I usually make this the night before I need it as the base and filling must be cooled before adding the chocolate topping which must also be allowed to set.

Preheat the oven to 180degC/ Gas mark 4 and grease and line a 18 x 28 cm tin. I usually make this in a small roasting tin but I have also made them in a square brownie tin – they just end up deeper.
Melt the butter (I usually pop it in a pyrex bowl in the microwave for 30 second blasts)
Sift the flour and baking powder into a large bowl. Add coconut, sugar and melted butter and mix well together.
Press into your prepared tin and pop it in the oven for 10 – 12 minutes until a very light golden colour.
Take it out of the oven but leave the oven on for now.

Filling
Put butter, brown sugar, golden syrup and condensed milk in a thick bottomed saucepan over a low heat. Cook, stirring all the time, until butter has melted and sugar has dissolved.
Bring it to the boil, then reduce the heat to low and continue cooking for 5 minutes, stirring all the time. It will turn a light golden colour. No matter how very, very tempted you are do NOT taste this. You will burn the tongue off yourself!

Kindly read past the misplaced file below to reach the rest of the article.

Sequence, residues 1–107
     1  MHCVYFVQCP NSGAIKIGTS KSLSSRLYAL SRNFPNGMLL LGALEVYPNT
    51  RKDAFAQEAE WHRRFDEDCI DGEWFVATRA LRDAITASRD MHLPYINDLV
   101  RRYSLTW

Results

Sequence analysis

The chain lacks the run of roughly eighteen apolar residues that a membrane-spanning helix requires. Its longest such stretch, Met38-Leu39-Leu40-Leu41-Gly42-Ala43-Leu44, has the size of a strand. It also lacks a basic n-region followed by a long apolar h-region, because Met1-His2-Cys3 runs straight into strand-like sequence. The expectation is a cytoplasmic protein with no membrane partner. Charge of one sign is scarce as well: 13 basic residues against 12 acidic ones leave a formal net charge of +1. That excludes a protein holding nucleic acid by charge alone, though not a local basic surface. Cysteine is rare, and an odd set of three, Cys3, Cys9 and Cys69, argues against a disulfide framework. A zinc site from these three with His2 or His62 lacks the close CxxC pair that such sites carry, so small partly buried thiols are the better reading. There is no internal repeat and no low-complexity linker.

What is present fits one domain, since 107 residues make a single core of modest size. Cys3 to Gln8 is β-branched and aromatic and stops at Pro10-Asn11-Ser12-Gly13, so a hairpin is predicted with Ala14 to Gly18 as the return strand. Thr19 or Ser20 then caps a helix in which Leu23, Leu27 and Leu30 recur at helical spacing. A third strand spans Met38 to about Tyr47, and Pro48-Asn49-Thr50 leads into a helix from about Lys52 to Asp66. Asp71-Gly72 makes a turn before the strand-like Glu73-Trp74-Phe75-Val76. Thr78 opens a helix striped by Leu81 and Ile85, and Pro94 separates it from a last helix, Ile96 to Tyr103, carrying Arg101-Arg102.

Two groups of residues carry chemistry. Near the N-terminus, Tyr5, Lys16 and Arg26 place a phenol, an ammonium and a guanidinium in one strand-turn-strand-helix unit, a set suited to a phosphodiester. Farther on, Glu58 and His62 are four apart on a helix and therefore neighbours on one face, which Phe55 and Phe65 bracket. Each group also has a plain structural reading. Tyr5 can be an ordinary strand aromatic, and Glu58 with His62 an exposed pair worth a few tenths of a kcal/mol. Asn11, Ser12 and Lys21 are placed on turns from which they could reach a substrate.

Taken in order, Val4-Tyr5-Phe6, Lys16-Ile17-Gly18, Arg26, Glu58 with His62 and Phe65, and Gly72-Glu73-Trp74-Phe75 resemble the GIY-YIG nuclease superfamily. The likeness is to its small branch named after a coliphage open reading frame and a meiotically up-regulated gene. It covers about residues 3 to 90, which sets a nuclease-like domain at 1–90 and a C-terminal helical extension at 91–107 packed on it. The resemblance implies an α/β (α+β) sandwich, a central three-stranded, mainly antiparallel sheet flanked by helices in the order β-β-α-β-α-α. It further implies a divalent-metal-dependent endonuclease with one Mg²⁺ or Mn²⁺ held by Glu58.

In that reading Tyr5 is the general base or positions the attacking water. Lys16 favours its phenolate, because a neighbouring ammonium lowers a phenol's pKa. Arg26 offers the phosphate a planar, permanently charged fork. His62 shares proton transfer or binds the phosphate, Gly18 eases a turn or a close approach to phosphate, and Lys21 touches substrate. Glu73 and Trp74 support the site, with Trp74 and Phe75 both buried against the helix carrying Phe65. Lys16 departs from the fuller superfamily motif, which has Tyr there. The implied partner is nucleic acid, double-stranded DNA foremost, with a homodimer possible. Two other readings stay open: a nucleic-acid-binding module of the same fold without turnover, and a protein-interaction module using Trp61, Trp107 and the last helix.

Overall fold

Pour this over the cooked base and then return the lot to the oven and bake for a further 10 minutes. It will deepen in colour and bubble.
Remove from oven and allow to cool completely.
Once cooled start prepping the chocolate topping. Melt whichever chocolate you have chosen in a heat resistant bowl over a pot of boiling water. Spread over the filling and allow to cool before placing in the fridge to set.
I usually remove the whole slab from the pan and cut into squares. You can cut them really quite small as this is a very rich little treat.
Enjoy!

None of your holiness at CongRegation

I’m still involved with the IIA in a very roundabout way: I remained a member of the Social Media Working Group. Like any voluntary group it is active in fits and starts. I was very happy recently to get a notification about an upcoming meeting. As usual I learned tonnes and hope I shared some information myself. There was a few things that are  well worth looking at if you are interested in social media so click on to read more.